Albert Pujols’ performance cost

Here’s a quick look at how much Albert Pujols’ performance has cost over his career.

Over his 11 years in St. Louis, Pujols earned $104,040,436 in base salary, and that includes salaries under $1 million in each of his first 3 seasons.

Looking at his career numbers with the Cardinals, they paid Pujols:

$13,800 per plate appearance
$80,000 per run scored
$49,700 per hit
$233,800 per HR
$78,800 per RBI

So far in Anaheim, the Angels have played 28 of their 162 games this season. That means that Pujols has earned $2,074,074 of his $12 million salary for 2012. (We’re doing this as charitably as possible–if we took a prorated portion of his entire $240 million, 10-year contract, the number would be double that.

Anyway, given the Phat Boy’s performance so far this season, here are what the Angels have paid for his performance to date:

$18,200 per plate appearance
$230,500 per run scored
$98,800 per hit
(Undefined) per HR
$414,800 per RBI

The differential in cost per PA is an interesting place to start, as it suggests that the Angels are paying about a 30% premium for Pujols, at least compared to the rate that the Cardinals paid him for his entire career. That sounds about right to me, especially considering that Pujols’ arbitration years are included in the St. Louis calculation.

Beyond that, the Angels are paying about twice as much per hit, three times as much per run scored, five times as much per RBI, and an infinite amount more per home run.

If Pujols had 1 homer so far, the Angels would have paid the full $2,074,074 for that homer, still about 9 times more than what the Cardinals paid him per homer.

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8 Comments on "Albert Pujols’ performance cost"

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Steven
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Rockefeller-type money for (so far) Ray Oyler-type stats. Although Oyler did, at least, hit the occasional home run.

John Nacca
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I for one think all these players that feel the need to go to other teams, after long and productive careers in one place, where they are adorned and cherished by the fans (who pay said money into their salaries),for a few extra million…..WHEN THEY ARE ALREADY BEING PAID TENS OF MILLIONS PER YEAR……is the reason I just enjoy Strat-O-Matic! Seriously, to be honest, screw ’em. This is karma for being a selfish jerk. Of course how much of it REALLY is the player, and how much of it is the bastard agents? You know how cool it was to… Read more »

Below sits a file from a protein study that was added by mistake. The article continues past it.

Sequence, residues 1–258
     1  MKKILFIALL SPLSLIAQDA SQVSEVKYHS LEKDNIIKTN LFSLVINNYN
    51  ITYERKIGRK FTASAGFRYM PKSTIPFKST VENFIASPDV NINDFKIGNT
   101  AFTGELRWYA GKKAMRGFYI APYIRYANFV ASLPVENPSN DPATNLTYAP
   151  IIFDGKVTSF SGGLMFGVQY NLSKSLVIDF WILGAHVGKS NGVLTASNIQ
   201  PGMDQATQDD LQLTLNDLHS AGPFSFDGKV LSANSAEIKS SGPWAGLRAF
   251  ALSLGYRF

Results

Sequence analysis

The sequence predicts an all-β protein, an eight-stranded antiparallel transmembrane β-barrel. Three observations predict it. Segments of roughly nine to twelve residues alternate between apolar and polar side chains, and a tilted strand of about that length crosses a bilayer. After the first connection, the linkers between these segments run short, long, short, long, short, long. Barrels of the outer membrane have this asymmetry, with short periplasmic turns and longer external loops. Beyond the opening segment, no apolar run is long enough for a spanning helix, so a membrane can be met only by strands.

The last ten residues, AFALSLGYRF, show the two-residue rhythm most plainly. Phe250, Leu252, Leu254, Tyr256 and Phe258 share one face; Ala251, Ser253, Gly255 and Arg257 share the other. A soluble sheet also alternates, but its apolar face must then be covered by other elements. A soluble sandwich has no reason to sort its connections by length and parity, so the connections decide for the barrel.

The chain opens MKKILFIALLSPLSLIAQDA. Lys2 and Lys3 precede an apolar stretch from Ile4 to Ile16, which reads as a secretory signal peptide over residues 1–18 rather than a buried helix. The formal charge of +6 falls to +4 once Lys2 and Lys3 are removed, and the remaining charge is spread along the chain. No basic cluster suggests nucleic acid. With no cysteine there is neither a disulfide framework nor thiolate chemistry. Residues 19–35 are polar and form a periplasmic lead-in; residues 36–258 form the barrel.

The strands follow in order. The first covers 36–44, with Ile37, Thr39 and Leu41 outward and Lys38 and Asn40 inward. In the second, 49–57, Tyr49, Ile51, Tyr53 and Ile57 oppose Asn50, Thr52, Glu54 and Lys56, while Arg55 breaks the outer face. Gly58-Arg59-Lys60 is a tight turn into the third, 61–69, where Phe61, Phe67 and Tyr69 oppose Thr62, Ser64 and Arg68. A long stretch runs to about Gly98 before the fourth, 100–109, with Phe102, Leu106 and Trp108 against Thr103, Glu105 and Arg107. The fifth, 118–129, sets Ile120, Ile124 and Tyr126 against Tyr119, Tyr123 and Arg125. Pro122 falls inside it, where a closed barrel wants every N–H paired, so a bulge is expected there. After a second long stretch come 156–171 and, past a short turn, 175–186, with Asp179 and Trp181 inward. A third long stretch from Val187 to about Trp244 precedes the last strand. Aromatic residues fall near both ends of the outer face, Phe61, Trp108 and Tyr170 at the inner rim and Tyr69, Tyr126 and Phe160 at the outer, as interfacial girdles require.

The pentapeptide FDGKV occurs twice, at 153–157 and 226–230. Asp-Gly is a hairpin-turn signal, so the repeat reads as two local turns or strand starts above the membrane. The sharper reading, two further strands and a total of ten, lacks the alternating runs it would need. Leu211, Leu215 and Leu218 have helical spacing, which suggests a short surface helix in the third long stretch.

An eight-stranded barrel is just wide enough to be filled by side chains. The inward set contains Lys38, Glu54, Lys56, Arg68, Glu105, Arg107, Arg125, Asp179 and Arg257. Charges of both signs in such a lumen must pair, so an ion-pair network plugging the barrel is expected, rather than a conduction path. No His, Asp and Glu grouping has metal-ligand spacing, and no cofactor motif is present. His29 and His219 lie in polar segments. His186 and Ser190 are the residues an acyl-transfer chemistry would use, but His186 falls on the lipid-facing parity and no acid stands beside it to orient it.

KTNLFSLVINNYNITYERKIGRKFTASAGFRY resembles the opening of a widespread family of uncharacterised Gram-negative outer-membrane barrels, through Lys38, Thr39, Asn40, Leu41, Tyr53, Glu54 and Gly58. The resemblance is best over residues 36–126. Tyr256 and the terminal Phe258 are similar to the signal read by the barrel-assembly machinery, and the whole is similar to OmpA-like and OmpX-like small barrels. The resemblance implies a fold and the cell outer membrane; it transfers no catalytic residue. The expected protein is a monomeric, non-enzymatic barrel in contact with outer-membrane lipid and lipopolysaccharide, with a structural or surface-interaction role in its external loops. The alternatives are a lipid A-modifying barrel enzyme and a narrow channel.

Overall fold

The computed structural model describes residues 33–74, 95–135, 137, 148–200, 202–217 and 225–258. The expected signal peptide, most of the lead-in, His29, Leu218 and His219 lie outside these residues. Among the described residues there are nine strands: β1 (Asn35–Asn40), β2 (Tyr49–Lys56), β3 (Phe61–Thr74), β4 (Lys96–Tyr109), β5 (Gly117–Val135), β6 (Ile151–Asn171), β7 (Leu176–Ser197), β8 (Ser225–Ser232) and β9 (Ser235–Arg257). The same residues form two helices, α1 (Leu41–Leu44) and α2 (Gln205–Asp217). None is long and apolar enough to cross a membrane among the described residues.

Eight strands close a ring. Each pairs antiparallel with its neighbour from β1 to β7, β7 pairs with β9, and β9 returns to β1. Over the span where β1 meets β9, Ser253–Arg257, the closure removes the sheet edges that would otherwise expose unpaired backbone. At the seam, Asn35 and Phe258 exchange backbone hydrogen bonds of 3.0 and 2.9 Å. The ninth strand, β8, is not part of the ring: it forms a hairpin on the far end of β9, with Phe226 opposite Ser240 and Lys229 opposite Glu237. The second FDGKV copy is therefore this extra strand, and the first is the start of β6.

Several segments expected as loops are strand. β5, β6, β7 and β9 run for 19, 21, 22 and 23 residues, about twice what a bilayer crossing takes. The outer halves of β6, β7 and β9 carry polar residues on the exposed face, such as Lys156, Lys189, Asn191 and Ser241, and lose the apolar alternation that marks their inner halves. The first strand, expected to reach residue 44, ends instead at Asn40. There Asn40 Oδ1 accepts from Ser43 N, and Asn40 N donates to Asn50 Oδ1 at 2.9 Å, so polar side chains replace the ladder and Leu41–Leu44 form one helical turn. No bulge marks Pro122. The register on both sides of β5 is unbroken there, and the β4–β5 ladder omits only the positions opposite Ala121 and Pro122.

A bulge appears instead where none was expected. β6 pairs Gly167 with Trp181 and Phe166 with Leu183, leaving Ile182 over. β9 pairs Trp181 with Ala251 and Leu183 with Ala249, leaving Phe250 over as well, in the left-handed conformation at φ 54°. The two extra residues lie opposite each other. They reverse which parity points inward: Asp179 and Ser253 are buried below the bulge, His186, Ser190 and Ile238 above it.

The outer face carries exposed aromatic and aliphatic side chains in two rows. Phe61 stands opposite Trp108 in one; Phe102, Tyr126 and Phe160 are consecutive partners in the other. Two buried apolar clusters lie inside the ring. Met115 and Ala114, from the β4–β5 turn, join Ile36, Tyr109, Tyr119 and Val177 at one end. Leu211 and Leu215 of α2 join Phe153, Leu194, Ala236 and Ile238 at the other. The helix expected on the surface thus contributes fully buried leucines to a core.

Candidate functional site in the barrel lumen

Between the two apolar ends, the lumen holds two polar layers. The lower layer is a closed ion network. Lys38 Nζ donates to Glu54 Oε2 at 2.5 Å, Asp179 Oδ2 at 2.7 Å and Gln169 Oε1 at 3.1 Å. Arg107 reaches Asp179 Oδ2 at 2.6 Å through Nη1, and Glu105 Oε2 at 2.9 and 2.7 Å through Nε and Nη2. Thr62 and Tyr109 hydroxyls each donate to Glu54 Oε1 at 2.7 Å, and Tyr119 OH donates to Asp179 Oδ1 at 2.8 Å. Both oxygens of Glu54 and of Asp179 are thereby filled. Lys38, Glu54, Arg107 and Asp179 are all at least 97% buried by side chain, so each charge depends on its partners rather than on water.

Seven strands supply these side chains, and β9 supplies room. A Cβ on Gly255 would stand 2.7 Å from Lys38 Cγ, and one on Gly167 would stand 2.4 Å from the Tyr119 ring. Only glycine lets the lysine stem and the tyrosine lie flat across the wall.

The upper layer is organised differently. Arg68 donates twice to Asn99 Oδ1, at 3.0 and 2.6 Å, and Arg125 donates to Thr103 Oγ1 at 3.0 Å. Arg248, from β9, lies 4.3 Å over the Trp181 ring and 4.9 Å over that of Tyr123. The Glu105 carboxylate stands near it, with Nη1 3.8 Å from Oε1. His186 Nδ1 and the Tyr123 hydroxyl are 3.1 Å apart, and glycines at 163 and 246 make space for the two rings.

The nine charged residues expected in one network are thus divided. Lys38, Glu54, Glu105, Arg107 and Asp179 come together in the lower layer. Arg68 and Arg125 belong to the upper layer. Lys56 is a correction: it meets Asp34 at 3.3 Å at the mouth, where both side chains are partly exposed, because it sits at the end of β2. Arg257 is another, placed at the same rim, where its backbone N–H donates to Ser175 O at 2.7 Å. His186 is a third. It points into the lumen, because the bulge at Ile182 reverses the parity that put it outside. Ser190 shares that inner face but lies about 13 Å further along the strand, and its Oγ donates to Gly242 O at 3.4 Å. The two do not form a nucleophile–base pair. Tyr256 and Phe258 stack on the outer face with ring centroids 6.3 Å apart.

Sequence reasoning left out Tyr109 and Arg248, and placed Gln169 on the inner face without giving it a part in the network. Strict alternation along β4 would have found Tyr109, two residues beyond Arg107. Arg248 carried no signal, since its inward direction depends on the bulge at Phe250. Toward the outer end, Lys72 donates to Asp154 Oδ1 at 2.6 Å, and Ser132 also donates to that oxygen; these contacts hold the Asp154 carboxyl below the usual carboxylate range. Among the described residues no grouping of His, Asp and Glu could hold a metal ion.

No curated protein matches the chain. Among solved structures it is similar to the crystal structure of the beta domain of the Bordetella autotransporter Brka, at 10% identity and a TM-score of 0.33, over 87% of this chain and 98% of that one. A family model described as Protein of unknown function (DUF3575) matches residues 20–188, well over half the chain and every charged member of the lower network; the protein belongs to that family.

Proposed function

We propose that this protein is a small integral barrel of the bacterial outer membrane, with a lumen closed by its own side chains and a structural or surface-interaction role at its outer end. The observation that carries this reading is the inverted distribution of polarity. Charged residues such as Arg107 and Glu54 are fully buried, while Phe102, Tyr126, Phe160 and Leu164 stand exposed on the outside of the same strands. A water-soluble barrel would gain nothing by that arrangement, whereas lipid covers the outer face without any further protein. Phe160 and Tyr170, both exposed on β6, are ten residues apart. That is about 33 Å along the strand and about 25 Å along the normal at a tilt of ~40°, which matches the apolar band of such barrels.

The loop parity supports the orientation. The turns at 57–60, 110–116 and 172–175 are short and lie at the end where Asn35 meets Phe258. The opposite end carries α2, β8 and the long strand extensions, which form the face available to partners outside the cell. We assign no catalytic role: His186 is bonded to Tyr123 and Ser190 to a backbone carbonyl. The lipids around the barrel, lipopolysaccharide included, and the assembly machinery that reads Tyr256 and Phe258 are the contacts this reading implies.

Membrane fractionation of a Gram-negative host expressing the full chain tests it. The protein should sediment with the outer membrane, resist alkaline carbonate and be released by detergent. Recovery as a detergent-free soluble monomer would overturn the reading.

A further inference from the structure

Lawrence Azrin
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I just can’t get that worked up about the supposed bad character and immorality of any MLB free agent going to the team that pays him the most $$$, instead of staying with his current team. As Jerry Seinfeld famously said, “It’s like rooting for laundry”*. To start with, practically none of these players are on the teams they rooted for (I know, it’s the amateur draft). So they’re ALMOST ALL merceneries, in a sense, from the start of their baseball careers. Then, when they finally get to play regularly in MLB, a lot of them are on different teams… Read more »
Voomo Zanzibar
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How about Irving Falu ?
Ten years in the minors, first ML at bat, against the Yankees…. TRIPLE !

dannyc
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Poor AP he has made his bed now he will sleep in it As a StL fan I hated to see him go but the Cards made a fair offer for someone his age. The Angels will regret that contract for a long time and so will AP. He would still be given standing O’s in StL even as his skills diminished and he would have had a statue next to Stan. Money can not buy everything

eorns
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I know this is just for fun, but I think the only meaningful number you can use is $/PA or even $/inning (which includes field time), as it is the most atomic. You could say that they paid him $6,936,029 per 3B or $104,040,436 per sacrifice. This also almost implies that he was paid $13,800/PA *and* $80,000/run scored, etc. It’s interesting but kinda misleading to break down the numbers that way. He wasn’t paid to *just* hit homers or score runs. So, he played 14,687.2 in the field + 108 (est) as DH = 14,795.2 innings for the Cards. That… Read more »
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